Ina Fried on why Microsoft missed the tablet boat
Ina Fried of CNET, who’s been following the Tablet PC and UMPC scene for years, has posted her take on “How Microsoft foresaw–and still missed–the iPad.” Worth a read if only for a refresher on the situation. She’s spot-on in describing the business side of the problems, but I don’t think she quite hits the root of the technical problem.
She points to Microsoft’s Origami concept being too far ahead of the hardware technology and how the work that went into Vista (then known as Longhorn) came at the expense of other projects. She also notes the unwieldy power requirements of running the desktop version of Windows on what’s supposed to a mobile device. All good points, but to me, the problem has always been the interface.
The standard Windows interface is great when you’re working at a desktop with a mouse and keyboard. The problem is a slate or convertible in slate mode doesn’t have a mouse and keyboard. The pen and multi-touch input offer capabilities beyond either, but as mouse and keyboard substitutes, they’re still a compromise, and that’s how Microsoft has approached tablets this whole time – as a compromise.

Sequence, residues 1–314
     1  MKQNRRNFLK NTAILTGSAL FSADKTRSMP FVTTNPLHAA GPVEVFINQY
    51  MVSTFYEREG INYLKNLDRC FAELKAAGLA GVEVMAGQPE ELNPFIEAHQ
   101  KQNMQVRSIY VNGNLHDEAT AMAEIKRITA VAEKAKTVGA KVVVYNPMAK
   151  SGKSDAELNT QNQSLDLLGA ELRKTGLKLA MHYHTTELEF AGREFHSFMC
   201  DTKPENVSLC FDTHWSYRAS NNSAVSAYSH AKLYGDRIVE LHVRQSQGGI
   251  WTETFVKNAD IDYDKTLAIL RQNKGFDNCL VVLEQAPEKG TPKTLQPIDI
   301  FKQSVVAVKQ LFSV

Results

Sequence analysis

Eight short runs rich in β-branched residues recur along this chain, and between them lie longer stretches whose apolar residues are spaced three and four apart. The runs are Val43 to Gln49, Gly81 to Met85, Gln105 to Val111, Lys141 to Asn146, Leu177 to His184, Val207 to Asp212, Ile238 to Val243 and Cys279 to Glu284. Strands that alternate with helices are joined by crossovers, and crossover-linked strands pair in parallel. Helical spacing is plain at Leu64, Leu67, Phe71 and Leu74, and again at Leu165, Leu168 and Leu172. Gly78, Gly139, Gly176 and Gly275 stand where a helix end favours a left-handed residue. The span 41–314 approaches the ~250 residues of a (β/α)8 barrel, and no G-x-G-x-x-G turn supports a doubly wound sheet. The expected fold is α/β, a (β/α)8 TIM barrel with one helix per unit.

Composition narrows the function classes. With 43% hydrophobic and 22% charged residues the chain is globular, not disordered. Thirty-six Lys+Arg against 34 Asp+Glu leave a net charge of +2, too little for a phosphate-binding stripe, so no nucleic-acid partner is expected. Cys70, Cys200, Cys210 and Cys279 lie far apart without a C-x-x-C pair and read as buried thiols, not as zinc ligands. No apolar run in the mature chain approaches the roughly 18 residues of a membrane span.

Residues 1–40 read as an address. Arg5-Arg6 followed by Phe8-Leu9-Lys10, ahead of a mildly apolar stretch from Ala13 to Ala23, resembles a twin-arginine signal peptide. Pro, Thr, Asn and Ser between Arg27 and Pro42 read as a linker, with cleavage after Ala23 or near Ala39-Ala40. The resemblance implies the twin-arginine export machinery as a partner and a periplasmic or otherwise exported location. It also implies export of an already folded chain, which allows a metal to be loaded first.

I appreciate all they’ve done with gestures and ink, but those options still sit on top of an interface designed for mouse and keyboard. Even if it were possible to run Windows 7 on a tablet with the same responsiveness and battery life as an iPad, that interface designed for cursor control would still be there. ritePen has been great in helping me be as pen-centric as possible, but it’s still just a fix on top of a not-so-friendly interface.
Another problem she skips is that prior to Vista, Tablet PC was a separate version of Windows XP. It was just XP with added functionality, but had they stuck with that path, Microsoft could have incorporated a lot more tablet-specific functionality than was possible by folding it into Vista. A lot of tablet-specific stuff got hidden away in subfolders during the fold, and I suspect the ending of a tablet-specific OS subtly but strongly affected the market in a negative way.
Ina ends her post by asking if Microsoft will continue to pursue tablets from a software-only stance or build their own device. I don’t think that matters. Either way, they need to break away from that desktop-based interface and give us something designed specifically for tablets.